From Publishers Weekly
Allied special operations units fight and flounder in the ill-fated Market-Garden offensive in this colorful but unfocused WWII picaresque. Former Special Forces fighter Irwin (The Jedburghs) recounts the exploits of three-man Jedburgh Teams sent into German-occupied Holland to organize Dutch resistance fighters in support of General Montgomery's infamous bridge too far debacle. The author focuses on two Americans: Lt. Harvey Allan Todd, who was taken prisoner by the Germans at Arnheim, and Maj. John Olmsted, who organized a secret intelligence network behind enemy lines. There's not much shape or significance to these largely unrelated plot lines, which concern some of the most ill-conceived and useless operations of the war. Olmsted lost important enemy plans; in Todd's case, an American rescue force is captured by the Germans and imprisoned in the very POW camp it was supposed to liberate. Still, the author vividly recounts many varieties of WWII experience: blood-and-guts combat set pieces; a tense espionage thriller; and a harrowing captivity narrative. Irwin's angle on the oft-told Market-Garden fiasco doesn't make for a grand epic, just a collection of well-told war stories. Photos, 4 maps. (Mar. 23)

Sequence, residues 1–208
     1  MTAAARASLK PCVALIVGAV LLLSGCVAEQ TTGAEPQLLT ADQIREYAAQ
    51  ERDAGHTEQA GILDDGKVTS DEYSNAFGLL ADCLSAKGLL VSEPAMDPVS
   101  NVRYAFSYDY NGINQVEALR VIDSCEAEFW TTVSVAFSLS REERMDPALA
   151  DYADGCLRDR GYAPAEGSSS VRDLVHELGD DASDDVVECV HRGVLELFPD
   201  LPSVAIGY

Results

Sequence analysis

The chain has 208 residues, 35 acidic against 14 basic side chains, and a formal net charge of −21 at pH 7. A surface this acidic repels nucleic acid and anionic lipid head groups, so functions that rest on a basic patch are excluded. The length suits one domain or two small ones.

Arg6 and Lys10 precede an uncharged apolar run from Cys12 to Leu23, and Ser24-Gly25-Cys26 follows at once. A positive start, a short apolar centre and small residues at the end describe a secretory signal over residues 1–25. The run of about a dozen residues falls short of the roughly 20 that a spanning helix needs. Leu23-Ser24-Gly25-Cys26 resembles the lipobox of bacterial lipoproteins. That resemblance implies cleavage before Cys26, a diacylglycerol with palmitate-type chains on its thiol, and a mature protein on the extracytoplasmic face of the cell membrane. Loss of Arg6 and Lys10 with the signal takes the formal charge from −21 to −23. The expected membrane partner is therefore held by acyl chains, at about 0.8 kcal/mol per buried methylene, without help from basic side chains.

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A thoroughly enthralling book for serious students of World War II, this is the labor of love of a Special Forces veteran with a rare talent for writing and research. He tells the story of the handful of small Jedburgh Teams dropped into the Netherlands to lead local resistance groups in offensive action. They immediately got sucked into the disastrous failure of Operation Market Garden, better known as the Arnhem operation (see Cornelius Ryan’s classic A Bridge Too Far, 1974). After that mismanaged affair crumbled, they faced survival against long odds in the ranks of the hard-pressed Dutch Resistance, death at the hands of the still resilient German occupation troops, and in one case survival by a hair’s breadth as a POW endured not only confinement but also grueling marches from east to west ahead of the advancing Russians. For exhaustive studies of little-known episodes that add much to general WWII knowledge as well as provide enthralling reading, this book is hard to beat. --Roland Green
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